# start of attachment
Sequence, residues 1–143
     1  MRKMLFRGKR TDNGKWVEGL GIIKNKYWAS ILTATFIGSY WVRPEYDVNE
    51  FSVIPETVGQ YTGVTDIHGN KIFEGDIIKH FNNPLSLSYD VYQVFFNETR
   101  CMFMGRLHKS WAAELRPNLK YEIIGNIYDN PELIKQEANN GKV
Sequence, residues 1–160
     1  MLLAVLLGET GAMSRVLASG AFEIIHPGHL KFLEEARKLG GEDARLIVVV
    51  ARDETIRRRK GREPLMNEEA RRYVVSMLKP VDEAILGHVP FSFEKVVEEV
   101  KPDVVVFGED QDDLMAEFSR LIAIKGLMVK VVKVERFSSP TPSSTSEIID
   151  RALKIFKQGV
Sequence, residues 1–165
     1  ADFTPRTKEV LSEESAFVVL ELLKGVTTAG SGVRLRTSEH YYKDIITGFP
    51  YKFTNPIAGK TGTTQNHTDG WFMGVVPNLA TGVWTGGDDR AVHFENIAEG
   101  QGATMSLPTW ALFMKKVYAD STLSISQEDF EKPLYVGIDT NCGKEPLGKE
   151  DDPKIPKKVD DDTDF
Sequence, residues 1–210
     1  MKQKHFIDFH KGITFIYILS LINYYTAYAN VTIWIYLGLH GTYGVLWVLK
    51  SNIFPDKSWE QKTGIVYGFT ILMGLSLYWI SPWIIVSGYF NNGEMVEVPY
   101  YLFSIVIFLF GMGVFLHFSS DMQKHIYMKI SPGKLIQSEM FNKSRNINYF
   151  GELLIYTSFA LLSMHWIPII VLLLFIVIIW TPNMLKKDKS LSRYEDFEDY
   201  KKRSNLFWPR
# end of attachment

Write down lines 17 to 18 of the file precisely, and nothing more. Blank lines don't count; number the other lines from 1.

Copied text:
    51  SNIFPDKSWE QKTGIVYGFT ILMGLSLYWI SPWIIVSGYF NNGEMVEVPY
   101  YLFSIVIFLF GMGVFLHFSS DMQKHIYMKI SPGKLIQSEM FNKSRNINYF